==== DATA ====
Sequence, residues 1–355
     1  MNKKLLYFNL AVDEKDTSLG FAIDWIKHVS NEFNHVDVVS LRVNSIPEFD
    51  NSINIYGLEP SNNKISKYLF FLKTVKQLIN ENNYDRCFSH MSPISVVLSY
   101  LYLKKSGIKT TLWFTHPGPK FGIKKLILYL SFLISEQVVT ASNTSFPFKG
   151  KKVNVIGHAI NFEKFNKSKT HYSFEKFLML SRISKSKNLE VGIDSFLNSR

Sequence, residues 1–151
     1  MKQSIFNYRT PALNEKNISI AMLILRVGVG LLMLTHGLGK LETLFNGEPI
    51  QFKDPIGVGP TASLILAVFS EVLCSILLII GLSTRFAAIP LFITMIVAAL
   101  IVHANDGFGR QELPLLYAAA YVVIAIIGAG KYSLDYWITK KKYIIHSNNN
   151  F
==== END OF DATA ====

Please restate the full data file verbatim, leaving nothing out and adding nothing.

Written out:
Sequence, residues 1–355
     1  MNKKLLYFNL AVDEKDTSLG FAIDWIKHVS NEFNHVDVVS LRVNSIPEFD
    51  NSINIYGLEP SNNKISKYLF FLKTVKQLIN ENNYDRCFSH MSPISVVLSY
   101  LYLKKSGIKT TLWFTHPGPK FGIKKLILYL SFLISEQVVT ASNTSFPFKG
   151  KKVNVIGHAI NFEKFNKSKT HYSFEKFLML SRISKSKNLE VGIDSFLNSR

Sequence, residues 1–151
     1  MKQSIFNYRT PALNEKNISI AMLILRVGVG LLMLTHGLGK LETLFNGEPI
    51  QFKDPIGVGP TASLILAVFS EVLCSILLII GLSTRFAAIP LFITMIVAAL
   101  IVHANDGFGR QELPLLYAAA YVVIAIIGAG KYSLDYWITK KKYIIHSNNN
   151  F